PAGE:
Just so we’re all clear and understand each other, I am not the owner of the featured image on this page. It is the property of Kaito Electronics.
So, for a while now, I have been trying to reduce the weight I carry in my EDC backpack. My physician advised me to do so, because of my lower back injury.
And because of this, I realize that my AM/FM radio and my Weather Radio should be consolidated.
For the past few years, I would carry a Sony ICF-P26 and a Midland HH50B for those purposes.
So, I stopped carrying the Sony radio among other items to lighten my load.
I still sometimes carry the Midland radio if feel the need to do so.
From December of 2020 to June of 2021, I had tried to EDC several radios that were pocket portables and could support AM/FM as well as Weather.
None of them satisfied me. They all had issues.
The one I tried to use most was a RETEKESS PR-15, but I find it wasn’t loud enough for noisy environments and it was very finicky about what position I could stand in to receive the Weather Broadcasts. This was an issue, especially when commuting to church on foot and needing Weather Information. Although it was very compact and easy to transport.
So, in the earlier parts of June 2021, I ordered a Kaito KA-210 and it came in today, June 11, 2021, a day earlier than expected. I hope the Postal Service is getting back to delivering the mail promptly as they previously had done so before this Covid nightmare. That radio is what this piece will be a review thereof.
For those who were forwarded from my YouTube video, first of all, thank you for checking out this piece (please consider looking at other pieces on this blog.) And secondly, I was highly impressed when I recorded that video because of the superb circuitry on this radio. I mean, it pulled in a Weather Radio station over 30 miles away and did so almost completely clearly without having to stand in a finicky position and being next to a WiFi computer and a television, both of which do cause a great deal of electrical noise. I know I said that I would wait to write a review, but I tried some FM listening with this radio and was even more impressed.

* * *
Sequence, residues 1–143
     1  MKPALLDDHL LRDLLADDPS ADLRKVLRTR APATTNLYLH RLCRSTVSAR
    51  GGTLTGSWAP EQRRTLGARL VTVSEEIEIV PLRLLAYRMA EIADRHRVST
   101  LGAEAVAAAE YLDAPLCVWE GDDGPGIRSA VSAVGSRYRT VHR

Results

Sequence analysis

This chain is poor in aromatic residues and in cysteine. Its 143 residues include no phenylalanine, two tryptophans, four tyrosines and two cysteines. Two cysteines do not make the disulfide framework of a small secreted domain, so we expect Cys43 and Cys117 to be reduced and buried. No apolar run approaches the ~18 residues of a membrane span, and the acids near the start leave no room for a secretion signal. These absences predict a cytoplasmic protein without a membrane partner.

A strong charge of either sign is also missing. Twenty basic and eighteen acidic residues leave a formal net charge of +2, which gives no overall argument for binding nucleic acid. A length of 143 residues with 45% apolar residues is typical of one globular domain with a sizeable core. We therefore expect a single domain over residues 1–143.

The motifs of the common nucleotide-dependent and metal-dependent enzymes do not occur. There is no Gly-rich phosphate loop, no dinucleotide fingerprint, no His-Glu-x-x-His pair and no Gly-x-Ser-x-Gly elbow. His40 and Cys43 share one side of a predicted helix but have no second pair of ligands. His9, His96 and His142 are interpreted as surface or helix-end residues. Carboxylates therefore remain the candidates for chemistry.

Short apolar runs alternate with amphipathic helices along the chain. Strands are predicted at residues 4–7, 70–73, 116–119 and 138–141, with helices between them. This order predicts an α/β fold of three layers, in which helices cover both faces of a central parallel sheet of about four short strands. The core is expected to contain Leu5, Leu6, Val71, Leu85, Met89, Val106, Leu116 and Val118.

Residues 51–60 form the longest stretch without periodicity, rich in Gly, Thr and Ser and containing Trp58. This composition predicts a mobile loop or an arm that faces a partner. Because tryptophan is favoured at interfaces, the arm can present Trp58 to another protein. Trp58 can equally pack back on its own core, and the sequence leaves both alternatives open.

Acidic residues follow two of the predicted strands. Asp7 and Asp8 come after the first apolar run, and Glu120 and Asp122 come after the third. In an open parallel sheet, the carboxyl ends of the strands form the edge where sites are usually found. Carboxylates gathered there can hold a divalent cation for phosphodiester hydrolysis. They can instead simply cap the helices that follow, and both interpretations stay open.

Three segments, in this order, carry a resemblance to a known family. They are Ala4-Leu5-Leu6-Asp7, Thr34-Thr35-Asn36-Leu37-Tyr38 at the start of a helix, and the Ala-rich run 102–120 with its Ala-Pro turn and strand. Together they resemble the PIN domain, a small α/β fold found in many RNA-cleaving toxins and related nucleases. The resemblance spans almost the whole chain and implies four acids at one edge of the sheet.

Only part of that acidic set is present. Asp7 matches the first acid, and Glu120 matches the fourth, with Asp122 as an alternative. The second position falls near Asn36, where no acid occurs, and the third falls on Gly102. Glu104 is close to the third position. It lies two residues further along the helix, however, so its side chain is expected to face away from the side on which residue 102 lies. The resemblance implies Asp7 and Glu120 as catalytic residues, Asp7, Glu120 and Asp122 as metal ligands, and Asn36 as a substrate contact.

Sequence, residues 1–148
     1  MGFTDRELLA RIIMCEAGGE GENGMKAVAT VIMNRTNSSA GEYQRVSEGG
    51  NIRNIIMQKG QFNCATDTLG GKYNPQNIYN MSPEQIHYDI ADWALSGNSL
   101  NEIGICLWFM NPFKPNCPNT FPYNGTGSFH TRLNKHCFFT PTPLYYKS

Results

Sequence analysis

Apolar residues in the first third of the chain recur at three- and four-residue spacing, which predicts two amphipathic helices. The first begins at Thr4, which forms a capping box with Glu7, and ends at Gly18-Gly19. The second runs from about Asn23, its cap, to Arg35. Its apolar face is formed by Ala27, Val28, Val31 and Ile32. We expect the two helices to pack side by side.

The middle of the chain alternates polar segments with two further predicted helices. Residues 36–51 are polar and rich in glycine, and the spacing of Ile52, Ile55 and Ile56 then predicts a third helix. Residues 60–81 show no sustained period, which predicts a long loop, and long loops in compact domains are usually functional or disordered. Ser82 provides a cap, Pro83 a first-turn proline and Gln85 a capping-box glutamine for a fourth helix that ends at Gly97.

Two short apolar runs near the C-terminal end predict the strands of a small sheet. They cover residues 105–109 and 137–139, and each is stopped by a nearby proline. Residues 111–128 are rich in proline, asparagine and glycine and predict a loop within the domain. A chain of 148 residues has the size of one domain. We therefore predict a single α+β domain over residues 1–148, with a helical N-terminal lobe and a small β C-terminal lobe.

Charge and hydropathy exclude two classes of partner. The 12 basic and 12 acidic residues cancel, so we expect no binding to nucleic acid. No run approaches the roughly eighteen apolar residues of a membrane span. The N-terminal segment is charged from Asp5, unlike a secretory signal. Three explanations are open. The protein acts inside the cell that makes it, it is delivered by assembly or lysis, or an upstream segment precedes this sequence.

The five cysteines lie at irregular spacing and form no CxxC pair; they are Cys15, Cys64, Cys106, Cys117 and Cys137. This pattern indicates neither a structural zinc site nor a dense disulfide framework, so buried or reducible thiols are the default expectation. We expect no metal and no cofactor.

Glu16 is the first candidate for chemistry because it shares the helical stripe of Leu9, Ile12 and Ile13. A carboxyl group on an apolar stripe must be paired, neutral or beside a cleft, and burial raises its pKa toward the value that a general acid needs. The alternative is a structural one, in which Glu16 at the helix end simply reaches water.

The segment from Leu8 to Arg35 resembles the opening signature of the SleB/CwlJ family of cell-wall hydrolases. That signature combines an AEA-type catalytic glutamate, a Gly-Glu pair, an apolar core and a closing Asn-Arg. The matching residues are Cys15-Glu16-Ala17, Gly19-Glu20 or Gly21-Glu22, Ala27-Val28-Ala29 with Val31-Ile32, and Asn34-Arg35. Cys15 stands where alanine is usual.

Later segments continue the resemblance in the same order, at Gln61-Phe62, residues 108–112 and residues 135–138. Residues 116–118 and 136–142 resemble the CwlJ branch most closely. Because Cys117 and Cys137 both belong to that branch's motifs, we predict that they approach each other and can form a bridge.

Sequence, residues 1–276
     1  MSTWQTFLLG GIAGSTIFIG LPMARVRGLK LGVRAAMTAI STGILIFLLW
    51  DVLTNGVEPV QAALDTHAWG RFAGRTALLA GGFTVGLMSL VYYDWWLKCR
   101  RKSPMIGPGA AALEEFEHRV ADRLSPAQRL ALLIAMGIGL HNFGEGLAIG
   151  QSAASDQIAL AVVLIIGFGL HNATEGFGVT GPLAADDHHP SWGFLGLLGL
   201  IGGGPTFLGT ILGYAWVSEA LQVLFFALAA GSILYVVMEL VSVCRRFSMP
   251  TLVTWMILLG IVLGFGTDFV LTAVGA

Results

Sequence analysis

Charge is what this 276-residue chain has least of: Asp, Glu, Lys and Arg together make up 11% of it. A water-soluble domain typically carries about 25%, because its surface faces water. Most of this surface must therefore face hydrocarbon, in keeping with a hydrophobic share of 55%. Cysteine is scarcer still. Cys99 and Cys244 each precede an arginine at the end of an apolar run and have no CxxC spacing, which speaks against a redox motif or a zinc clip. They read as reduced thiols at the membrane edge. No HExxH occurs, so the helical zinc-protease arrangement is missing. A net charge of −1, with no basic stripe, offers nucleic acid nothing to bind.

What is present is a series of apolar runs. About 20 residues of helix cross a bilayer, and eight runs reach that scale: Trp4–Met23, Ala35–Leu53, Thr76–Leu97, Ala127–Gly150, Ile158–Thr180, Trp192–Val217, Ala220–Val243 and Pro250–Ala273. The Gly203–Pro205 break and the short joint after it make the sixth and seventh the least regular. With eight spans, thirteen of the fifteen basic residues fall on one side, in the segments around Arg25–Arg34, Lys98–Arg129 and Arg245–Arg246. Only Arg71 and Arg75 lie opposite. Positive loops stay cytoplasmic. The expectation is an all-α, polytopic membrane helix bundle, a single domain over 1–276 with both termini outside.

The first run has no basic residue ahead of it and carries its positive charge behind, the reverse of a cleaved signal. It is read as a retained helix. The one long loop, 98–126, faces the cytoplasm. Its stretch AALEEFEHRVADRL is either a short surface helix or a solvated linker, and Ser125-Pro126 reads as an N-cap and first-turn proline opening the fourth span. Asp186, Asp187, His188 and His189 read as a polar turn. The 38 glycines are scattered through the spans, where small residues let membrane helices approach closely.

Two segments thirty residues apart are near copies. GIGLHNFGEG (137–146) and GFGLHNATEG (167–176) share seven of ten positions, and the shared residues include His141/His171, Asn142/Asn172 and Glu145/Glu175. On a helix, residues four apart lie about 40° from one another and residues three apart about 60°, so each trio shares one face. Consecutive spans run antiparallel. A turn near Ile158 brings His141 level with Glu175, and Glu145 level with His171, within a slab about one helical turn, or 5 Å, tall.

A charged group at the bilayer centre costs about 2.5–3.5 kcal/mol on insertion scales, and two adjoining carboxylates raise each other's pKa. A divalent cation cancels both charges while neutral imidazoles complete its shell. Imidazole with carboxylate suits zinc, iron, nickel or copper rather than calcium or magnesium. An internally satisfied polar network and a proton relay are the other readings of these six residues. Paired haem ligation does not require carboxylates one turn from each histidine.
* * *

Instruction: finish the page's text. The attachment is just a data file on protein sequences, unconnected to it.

As I have mentioned multiple times, I live near an FM transmitter tower, just a block or two away. Therefore on just about every one of my lower-end FM receivers, this station’s broadcast signal bleeds all over the dials.
But when I tried some FM listening earlier today, I find that this Kaito KA-210 was pulling in FM stations better than other radios of mine in a similar configuration. It either features a Digital Signal Processor Circuit or an Automatic Frequency Control Circuit, maybe even both and the FM stations I wanted were coming in quite decently.
I’ll admit I even listened to NPR for a minute or two, but then got irritated by what was being discussed on the broadcast.
NPR’s fall from grace is another topic I’ve written about to some degree.
But the fact that this radio pulled in the NPR station which is considerably difficult for most of my other radios to pull in is what impressed me and compelled me to write this review today instead of a few days or weeks in the future.
I will say that it isn’t the most solidly built radio, but I think it would be good enough for light EDC and getting weather information while commuting on foot. I know that I have a smartphone, but in a way, I can sometimes be old school and desire to listen to a Weather Radio instead. I think that is the ham radio operator in me coming out, but I digress.
I will also say that the weather in South Louisiana is constantly changing and quite unpredictable except for a well-seasoned meteorologist. So access to accurate and up-to-date weather data is a must for anyone who works in, resides in, or otherwise frequents South Louisiana.
The best way I can describe this device is that it is very sensitive but still excellent at filtering out unwanted interference. It is compact and reasonably built but seems to be loud enough for a noisy environment, at least for personal use.